by Pete Ross
The premier issue of The Democratic Strategist is out, with a host of progressive heavyweights contributing interesting articles, all of which are highly recommended. Today we plug TDS’s lead piece by My DD‘s Jerome Armstrong, “Replacing the Battleground Mentality with the Mapchanger Attitude in the Democratic Party,” a call-to-arms that opens with a stirring vision of victory:
Ten years from now, the Democratic Party will have fully broadened its election strategy beyond the battleground mentality that dominates strategic thinking today. Democrats will be a national party, leaving no uncontested race anywhere in the nation, and will have rebuilt a party infrastructure down to the precinct everywhere in the nation. The Democrats will have regained their majority status as the governing party, and the mapchanger approach to elections will have been the reason.
Armstrong lays out a persuasive case that cherry picking states, races and districts is a strategy that never really served the party well:
As the Democratic Party shrinks from a national party into a regional stronghold, the battleground also shrinks further and further. In the 1992 and the 1996 Presidential elections, with three candidates in the race, as many as 30 states were viewed as competitive battleground contests up through Election Day. In 2000, that number dropped to just 17 by Election Day. In 2004, the number of contested states early in the presidential contest stood at 18, and was whittled down to about eight by Election Day.
The battleground strategy – or more accurately obsession – that the Democratic establishment in DC pursues of narrowing electoral campaigns to ever shrinking “swing states” is self-defeating. It does not build any new converts to the party, it makes it easier for the Republicans to walk away with huge chunks of the country unchallenged and it starves the Democratic Parties in those “red” states.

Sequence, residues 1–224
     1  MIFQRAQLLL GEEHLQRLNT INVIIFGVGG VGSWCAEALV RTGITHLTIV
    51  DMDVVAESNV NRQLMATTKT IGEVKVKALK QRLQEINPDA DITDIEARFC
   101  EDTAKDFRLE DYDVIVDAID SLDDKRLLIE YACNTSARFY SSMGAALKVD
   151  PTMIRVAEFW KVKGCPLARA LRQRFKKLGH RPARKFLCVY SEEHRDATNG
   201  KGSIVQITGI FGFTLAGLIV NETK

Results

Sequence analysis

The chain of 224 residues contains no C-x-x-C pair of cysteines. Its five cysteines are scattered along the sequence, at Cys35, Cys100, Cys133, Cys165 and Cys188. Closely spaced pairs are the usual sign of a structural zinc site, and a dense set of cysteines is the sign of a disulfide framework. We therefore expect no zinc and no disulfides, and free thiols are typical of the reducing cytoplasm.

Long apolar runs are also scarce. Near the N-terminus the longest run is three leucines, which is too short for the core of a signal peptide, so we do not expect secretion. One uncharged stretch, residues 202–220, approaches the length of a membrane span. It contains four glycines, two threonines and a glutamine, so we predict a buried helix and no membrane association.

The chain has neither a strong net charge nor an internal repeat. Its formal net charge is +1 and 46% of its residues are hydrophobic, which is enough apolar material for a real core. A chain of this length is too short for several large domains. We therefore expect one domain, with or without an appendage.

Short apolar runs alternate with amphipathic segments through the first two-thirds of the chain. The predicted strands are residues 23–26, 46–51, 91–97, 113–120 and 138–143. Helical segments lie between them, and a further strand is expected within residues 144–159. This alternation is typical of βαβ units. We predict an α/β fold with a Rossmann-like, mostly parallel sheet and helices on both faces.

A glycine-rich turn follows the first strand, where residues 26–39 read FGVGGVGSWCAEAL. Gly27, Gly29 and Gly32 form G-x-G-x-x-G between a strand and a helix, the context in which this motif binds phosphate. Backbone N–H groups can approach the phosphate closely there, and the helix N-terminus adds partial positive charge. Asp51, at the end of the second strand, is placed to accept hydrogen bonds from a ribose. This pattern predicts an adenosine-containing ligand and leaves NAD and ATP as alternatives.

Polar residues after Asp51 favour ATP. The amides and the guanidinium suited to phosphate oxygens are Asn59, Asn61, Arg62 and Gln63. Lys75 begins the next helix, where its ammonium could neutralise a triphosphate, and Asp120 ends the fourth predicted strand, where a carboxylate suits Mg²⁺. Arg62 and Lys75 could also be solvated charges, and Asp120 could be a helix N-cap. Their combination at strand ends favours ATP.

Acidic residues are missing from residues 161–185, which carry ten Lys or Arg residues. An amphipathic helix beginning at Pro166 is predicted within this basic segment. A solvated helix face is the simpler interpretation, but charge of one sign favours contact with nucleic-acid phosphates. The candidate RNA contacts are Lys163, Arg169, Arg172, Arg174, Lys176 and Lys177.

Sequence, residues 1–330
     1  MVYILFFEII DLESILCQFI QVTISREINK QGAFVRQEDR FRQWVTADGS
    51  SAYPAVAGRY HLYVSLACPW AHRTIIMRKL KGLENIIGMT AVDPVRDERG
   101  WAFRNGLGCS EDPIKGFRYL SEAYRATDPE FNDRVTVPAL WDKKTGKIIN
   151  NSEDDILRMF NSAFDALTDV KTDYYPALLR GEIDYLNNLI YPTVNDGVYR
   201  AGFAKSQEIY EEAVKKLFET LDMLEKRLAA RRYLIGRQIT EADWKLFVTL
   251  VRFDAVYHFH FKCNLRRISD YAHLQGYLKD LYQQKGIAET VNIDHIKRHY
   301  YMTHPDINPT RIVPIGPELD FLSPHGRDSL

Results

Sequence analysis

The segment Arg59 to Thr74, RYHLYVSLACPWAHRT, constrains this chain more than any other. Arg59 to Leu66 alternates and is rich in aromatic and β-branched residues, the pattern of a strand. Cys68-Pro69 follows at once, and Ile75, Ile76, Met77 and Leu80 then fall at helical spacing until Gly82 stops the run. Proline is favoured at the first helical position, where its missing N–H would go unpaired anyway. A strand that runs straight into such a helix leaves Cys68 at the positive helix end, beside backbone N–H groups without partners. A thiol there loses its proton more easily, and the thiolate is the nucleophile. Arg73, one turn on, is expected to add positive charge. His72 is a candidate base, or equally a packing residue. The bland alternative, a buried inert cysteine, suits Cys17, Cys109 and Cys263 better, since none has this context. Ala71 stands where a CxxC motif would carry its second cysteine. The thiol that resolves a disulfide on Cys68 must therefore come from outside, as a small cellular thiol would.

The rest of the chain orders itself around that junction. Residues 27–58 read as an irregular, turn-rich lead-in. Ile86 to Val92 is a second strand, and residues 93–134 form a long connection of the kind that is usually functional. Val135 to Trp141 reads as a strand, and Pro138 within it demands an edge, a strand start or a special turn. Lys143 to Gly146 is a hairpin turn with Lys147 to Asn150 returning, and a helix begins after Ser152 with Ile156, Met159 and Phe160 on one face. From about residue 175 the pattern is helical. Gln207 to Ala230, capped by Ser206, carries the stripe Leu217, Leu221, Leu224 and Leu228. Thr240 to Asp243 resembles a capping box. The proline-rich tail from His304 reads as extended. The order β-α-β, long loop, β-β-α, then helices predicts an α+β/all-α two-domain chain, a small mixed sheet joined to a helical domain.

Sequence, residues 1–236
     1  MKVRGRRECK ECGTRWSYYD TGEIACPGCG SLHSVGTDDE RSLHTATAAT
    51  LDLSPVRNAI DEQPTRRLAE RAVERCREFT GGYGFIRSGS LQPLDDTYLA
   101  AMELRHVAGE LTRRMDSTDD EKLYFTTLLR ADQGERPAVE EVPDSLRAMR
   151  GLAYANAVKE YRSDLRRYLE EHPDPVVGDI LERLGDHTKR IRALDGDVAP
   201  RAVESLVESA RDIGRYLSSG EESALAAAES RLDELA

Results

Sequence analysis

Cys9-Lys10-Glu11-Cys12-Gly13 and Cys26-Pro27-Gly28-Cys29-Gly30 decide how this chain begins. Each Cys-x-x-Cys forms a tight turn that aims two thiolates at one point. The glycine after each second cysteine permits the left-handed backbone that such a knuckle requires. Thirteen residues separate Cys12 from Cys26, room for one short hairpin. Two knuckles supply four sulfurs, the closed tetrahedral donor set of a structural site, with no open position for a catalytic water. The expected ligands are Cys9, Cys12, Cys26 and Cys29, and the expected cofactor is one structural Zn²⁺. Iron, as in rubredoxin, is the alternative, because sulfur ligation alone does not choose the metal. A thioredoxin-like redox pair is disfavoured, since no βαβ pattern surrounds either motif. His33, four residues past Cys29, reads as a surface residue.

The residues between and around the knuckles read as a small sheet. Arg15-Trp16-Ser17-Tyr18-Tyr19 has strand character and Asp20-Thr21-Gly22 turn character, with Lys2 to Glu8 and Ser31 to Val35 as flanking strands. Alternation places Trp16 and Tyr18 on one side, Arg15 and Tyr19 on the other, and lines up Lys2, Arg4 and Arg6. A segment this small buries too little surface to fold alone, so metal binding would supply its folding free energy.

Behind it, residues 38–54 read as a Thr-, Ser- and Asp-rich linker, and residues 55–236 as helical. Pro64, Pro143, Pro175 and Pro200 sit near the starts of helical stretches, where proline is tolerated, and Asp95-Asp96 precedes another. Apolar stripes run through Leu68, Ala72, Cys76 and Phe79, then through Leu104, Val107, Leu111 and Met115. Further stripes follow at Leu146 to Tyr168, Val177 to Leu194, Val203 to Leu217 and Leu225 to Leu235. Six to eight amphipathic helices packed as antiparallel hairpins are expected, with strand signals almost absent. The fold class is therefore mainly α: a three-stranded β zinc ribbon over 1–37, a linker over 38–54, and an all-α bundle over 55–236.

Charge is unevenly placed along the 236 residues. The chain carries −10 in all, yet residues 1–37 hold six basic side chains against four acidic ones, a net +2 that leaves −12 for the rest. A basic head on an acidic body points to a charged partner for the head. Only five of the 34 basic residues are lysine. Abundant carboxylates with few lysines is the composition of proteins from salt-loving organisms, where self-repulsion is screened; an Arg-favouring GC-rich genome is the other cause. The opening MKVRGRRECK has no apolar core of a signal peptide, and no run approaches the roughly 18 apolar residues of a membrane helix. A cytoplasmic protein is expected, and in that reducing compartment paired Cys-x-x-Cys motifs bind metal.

…Further, the battleground mentality leaves half the country without a contest of ideas. We abandon progressives in rural areas of the country and let Republicans rule there, without even a contest – and those Republican incumbents then go out and raise money for Republican challengers in contested races.
Armstrong has a lot more to say about the merits of the “mapchanger” approach vs. the “battleground” strategy, and also the destructive effects of the paid consultant system. We’ll just conclude with this sample:
In contrast, the mapchanger attitude urges an aggressive and broad challenge to Republicans. It provides the national party with the best opportunity to utilize the tens of thousands of grassroots activists in every state and congressional district. The power of people becomes the strongest resource and gives the national Party the ability to pour resources into those states or districts that become surprisingly contested.
TDS will not be narrowly focused on short-term goals like winning the next (’06) election. Instead co-editors Stan Greenberg, Ruy Teixeira and William Galston and their writers will explore longer range strategies for building a permanent Democratic majority — a welcome and much needed challenge to be met by Democrats in every state.